Increase Security with TPM, Secure Boot, and Trusted Boot

 Control systems must be secure by design and should have a hardware root of trust as the foundation of all the security constructs in the control system. Emerson PLC/PAC controllers come with Trusted Platform Module (TPM) technology that enables hardware root of trust. All PLC/PAC boot firmware is signed by Emerson with the private key stored in the TPM to ensure only Emerson-signed firmware will run on the hardware. Patches supplied by Emerson are also signed for verification purposes prior to loading. Here’s why TPM is important.

Trusted Platform Module
The Trusted Platform Module (TPM) is a separate hardware module with a dedicated microcontroller providing cryptographic key generation and key storage capability. Since each TPM chip has a unique and secret RSA key pair burned in, it can perform platform authentication. Software can use the TPM to authenticate other hardware devices. The TPM can be used for both encryption and decryption operations and is an excellent source of entropy for random number generation. The random number generator makes it virtually impossible for any other system to guess the generated sequence. This capability, when combined with the server public key, creates an encrypted link between two ends. The TPM generates a non-repeatable number that makes it difficult for outside influences to decipher the data being transmitted. The TPM can be implemented on any computer platform and is required by the United States Department of Defense (TPM version 1.2 or higher) for many of their devices, including phones and computers. TPM forms a “hardware root of trust” when used in conjunction with BIOS. Root of Trust (RoT) is a set of functions in the trusted computing module that is always trusted by the computer's operating system (OS). The RoT serves as a separate computer engine, controlling the trusted computing platform cryptographic processor on the device in which it is embedded. TPM allows secure storage and reporting of security metrics that can be used to randomly validate the system’s configurations to ensure changes haven’t occurred. Remote Attestation, an authentication process, can be facilitated when the TPM creates a nearly unforgeable hash key that is a signature of the hardware and software configuration. This could allow third-party systems to verify that the software has not been changed.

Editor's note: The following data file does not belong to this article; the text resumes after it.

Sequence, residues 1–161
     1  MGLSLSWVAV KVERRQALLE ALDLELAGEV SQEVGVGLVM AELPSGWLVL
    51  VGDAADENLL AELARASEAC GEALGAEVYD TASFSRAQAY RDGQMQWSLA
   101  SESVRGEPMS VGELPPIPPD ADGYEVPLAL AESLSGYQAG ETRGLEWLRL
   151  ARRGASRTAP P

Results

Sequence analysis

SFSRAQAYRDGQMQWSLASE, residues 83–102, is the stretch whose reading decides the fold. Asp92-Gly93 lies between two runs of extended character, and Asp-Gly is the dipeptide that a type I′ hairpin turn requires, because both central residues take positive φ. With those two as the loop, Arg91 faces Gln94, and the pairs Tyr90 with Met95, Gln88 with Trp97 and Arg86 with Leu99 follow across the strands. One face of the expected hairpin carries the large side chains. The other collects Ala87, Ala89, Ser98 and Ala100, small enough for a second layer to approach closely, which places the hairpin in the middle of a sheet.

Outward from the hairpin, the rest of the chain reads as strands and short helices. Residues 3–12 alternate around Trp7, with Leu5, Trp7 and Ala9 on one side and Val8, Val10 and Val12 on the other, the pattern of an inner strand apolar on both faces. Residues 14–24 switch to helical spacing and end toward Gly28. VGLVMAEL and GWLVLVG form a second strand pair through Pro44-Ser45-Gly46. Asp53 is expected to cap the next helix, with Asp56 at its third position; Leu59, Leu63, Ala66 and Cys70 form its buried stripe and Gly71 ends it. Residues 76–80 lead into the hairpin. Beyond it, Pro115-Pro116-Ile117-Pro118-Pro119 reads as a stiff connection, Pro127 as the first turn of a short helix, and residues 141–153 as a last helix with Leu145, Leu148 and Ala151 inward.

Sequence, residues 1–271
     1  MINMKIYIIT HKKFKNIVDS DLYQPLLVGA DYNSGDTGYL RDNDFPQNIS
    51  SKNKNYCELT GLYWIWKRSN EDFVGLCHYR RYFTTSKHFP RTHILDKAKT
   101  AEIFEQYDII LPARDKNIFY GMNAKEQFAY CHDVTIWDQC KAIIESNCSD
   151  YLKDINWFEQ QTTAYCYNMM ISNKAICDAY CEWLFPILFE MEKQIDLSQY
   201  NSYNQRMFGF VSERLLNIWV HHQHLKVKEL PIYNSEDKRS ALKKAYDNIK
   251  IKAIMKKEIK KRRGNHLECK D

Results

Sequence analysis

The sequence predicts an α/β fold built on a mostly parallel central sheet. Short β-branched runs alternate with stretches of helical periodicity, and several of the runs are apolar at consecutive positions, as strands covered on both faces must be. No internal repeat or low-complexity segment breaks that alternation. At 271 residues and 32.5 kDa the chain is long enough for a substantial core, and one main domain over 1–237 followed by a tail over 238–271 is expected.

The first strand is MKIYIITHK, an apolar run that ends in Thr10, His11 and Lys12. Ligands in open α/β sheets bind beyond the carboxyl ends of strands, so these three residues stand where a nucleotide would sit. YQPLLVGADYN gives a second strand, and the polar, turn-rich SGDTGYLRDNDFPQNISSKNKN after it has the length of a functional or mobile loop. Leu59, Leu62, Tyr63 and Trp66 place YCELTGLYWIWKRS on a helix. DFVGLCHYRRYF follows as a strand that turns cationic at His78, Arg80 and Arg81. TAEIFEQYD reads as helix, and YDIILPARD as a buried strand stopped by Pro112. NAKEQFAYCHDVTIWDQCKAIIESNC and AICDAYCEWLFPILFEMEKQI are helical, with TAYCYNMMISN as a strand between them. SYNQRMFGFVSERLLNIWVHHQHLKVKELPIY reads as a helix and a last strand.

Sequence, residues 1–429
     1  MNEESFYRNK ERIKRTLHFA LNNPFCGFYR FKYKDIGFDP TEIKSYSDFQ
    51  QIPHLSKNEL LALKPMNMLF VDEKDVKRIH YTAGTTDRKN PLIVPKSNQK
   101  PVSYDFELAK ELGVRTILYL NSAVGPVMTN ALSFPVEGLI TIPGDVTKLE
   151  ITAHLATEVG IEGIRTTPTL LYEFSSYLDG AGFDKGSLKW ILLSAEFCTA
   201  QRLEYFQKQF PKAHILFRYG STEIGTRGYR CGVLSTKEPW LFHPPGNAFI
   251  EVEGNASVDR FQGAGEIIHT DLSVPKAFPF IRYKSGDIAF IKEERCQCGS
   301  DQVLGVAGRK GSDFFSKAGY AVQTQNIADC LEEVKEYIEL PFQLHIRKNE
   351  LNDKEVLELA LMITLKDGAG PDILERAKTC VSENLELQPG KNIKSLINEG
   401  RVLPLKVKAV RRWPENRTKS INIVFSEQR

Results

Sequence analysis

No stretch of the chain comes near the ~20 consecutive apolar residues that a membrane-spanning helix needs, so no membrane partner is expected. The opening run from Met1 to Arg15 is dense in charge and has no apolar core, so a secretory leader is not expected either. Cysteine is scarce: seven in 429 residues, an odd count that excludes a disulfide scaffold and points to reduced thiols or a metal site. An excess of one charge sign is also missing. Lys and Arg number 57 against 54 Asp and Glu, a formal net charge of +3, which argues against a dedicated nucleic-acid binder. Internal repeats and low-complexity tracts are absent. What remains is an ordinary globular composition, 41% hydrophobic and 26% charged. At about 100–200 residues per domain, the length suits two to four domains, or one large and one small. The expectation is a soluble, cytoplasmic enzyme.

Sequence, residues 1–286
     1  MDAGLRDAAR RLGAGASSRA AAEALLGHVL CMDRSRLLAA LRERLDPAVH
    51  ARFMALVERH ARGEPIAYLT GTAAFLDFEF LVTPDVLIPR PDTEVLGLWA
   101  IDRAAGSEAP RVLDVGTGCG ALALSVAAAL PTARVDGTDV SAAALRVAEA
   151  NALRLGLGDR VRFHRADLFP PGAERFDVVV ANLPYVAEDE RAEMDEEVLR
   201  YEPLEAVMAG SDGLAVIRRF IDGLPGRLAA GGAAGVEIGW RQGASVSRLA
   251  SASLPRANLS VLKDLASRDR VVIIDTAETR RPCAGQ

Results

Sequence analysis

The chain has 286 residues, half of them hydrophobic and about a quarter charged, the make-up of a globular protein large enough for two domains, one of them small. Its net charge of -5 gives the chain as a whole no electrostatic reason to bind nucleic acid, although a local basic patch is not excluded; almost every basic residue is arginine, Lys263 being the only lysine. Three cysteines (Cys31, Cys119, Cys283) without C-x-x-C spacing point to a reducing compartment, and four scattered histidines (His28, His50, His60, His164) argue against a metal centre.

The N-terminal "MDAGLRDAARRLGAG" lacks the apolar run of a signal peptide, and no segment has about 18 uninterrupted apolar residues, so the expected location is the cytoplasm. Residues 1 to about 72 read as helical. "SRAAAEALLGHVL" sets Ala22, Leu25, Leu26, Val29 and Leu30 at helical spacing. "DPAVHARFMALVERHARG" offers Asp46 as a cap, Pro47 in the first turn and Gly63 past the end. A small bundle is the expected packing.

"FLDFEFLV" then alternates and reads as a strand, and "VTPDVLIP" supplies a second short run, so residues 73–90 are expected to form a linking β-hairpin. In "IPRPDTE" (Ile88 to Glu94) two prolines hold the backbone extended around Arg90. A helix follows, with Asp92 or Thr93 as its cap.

Secure Boot
With Secure Boot, the control system firmware checks that the system boot loader is signed with a cryptographic key authorized by Emerson and stored in a database contained in the firmware. It is used by UEFI (Unified Extensible Firmware Interface) in conjunction with BIOS for controlled boot to prevent the execution of unsigned programs.

Trusted Boot
Trusted Boot takes over where Secure Boot leaves off. Trusted Boot verifies the digital signature of the OS. In turn, the OS verifies the components it will use in the startup process, such as startup files and boot drivers. If a file has been modified, the boot loader detects the change, then refuses to load the corrupt component. Trusted Boot will only use trusted software, often implemented by using signed and certified software from the manufacturer, resulting in proper configuration and patch management.

This discussion is one of a series of blogs discussing security in industrial PLC/PAC control systems. If you’d like to see others, click here.

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